It is, re­ally, a med­i­ta­tion on the past and how it in­flu­ences the present — the iden­ti­cal theme he ex­plored in Hiroshima and Marien­bad — but in this case the level of the­atri­cal­ity dom­i­nates to such a de­gree that the re­sult is a bit sti­fling. It’s al­most like be­ing present at a din­ner party where the con­ver­sa­tion, while fit­fully in­ter­est­ing and amus­ing, is deal­ing with mat­ters about which you have lit­tle in­ter­est or knowl­edge.

The film be­gins as a num­ber of well-known French ac­tors, ap­pear­ing as them­selves, are con­tacted by a lawyer to ad­vise them that their friend, play­wright An­toine d’An­thac, has died; the ac­tors, in­clud­ing Mathieu Amal­ric, Pierre Arditi, Sabine Azema and Lam­bert Wil­son, are asked to con­gre­gate at the dead man’s home in Provence, where the events are stage­m­an­aged by a suave but­ler (An­drzej Sew­eryn). At first this seems like the set-up of a clas­si­cal mys­tery, such as The Cat and the Ca­nary; the will is read to the in­ter­ested par­ties, one of whom is a mur­derer. This isn’t that kind of film, how­ever; in this case, a film is pro­jected in which the late author (Denis Po­da­ly­des) in­tro­duces a very con­tem­po­rary ver­sion of his own play based on the myth of Or­pheus and Eury­dice, per­formed by edgy young ac­tors. All the vet­eran ac­tors as­sem­bled have played in ear­lier ver­sions of this adap­ta­tion and grad­u­ally they be­gin to speak the fa­mil­iar lines them­selves — and Res­nais then switches back and forth be­tween the dif­fer­ent in­ter­pre­ta­tions of the ma­te­rial.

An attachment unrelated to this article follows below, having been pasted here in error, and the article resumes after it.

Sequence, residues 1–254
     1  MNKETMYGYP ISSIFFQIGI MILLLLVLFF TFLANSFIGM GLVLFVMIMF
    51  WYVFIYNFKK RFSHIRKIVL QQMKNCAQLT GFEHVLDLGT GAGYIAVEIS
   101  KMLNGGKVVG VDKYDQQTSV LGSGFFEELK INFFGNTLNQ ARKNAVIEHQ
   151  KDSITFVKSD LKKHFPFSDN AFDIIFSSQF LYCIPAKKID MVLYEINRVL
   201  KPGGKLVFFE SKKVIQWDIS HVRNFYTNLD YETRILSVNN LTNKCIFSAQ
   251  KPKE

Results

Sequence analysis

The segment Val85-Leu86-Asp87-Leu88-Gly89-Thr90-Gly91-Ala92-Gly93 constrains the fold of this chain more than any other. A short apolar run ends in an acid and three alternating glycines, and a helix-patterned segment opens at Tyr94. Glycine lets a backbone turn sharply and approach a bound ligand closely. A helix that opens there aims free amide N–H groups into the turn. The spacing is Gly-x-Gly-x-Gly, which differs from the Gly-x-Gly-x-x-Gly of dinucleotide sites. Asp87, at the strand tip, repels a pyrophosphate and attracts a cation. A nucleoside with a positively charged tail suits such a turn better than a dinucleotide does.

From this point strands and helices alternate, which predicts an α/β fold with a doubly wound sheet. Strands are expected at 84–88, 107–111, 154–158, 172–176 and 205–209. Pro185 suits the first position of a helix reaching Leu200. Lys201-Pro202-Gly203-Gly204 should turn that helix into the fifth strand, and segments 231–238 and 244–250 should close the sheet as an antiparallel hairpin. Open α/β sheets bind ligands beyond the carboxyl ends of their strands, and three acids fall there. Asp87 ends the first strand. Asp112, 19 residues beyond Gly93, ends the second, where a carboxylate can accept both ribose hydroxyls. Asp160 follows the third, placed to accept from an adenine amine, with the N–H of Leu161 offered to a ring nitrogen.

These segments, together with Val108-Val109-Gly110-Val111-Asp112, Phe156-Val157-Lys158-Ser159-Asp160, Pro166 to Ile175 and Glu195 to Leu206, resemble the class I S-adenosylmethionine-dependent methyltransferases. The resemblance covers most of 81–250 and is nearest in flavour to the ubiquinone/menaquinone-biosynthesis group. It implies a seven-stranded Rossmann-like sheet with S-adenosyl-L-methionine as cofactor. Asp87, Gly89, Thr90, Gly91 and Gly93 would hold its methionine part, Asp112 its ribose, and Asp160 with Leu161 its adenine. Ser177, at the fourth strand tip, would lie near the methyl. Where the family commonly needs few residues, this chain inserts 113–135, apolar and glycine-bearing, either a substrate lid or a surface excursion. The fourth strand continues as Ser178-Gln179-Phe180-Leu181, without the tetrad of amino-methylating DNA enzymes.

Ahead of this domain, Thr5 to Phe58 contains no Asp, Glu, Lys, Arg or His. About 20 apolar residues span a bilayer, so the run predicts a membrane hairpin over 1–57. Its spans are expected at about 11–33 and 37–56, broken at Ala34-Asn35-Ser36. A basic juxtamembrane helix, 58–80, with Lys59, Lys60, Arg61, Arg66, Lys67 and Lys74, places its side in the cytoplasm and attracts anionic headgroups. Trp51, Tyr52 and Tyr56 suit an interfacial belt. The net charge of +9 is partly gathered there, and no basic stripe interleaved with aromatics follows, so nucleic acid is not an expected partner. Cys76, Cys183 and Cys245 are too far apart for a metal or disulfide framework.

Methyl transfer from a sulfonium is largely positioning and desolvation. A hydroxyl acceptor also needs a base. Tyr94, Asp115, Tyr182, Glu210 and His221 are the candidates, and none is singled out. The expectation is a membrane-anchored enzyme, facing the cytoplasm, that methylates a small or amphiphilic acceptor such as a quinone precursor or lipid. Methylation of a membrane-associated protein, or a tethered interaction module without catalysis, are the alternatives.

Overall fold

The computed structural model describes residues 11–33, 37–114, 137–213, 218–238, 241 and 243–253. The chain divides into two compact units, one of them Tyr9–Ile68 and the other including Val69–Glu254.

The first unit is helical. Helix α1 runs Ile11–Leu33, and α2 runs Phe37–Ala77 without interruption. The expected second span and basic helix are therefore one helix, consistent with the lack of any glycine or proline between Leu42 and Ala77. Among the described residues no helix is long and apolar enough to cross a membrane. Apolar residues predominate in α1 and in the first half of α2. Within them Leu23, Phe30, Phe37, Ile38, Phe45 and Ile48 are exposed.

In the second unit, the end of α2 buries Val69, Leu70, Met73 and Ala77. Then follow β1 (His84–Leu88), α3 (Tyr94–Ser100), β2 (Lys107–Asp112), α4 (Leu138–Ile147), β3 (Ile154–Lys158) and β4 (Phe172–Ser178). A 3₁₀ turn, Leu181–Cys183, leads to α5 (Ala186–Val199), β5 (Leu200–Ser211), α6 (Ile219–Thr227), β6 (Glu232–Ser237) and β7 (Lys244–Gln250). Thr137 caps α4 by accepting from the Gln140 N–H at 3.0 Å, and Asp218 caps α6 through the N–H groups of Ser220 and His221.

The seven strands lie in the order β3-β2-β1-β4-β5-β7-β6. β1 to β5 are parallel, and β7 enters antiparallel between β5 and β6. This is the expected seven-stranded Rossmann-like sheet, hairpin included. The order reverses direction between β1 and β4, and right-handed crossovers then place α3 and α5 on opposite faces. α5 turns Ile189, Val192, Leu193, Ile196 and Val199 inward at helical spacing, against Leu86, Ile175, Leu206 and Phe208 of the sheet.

De­spite the com­mend­able con­sis­tency of his vi­sion through a ca­reer span­ning more than 60 years and the ironic wit he brings to ev­ery­thing he does, Res­nais seems to be speak­ing to a small co­terie of de­voted ad­mir­ers with this film. The rar­efied ap­proach, cou­pled with the the­atri­cal style adopted by many of his ac­tors, proves dis­tanc­ing and, de­spite my ad­mi­ra­tion for this di­rec­tor, I have to ad­mit I was a lit­tle bored by the end. NOT for the first time, who­ever was re­spon­si­ble for trans­lat­ing the ti­tle of a French film into English has missed the point: A Lady in Paris is ac­tu­ally An Es­to­nian Lady in Paris, and there are two of them in Il­mar Raag’s film. Anne (Laine Magi), a di­vorcee, lives in an ugly dis­trict of the beau­ti­ful Es­to­nian cap­i­tal, Tallinn, with her el­derly mother. When the mother dies she re­ceives an un­ex­pected — and ex­tremely un­likely — in­vi­ta­tion to fly to Paris to care for an el­derly Es­to­nian woman who lives there. Anne ar­rives, ex­cited to be in a city she’s never vis­ited be­fore, and soon dis­cov­ers the woman she’s sup­posed to care for, Frida (Jeanne Moreau), is an ill-tem­pered grouch who stopped speak­ing Es­to­nian — and mix­ing with Es­to­nian ex­pats — years ear­lier. The wafer-thin plot of the film has th­ese two grumpy women find­ing some kind of com­mon ground, and there are few sur­prises in the way the nar­ra­tive de­vel­ops.

Moreau started her act­ing ca­reer at about the same time Res­nais started di­rect­ing fea­tures and, at the age of 85, she looks as though she’s en­joyed life to the full and is still will­ing and able to tackle a meaty role. Un­for­tu­nately, her role in this film isn’t es­pe­cially meaty, and the prob­lems of th­ese char­ac­ters never be­come as in­ter­est­ing as the di­rec­tor pre­sum­ably in­tended them to be.

You Ain’t Seen Nothin’ Yet

Sabine Azema and Pierre Arditi in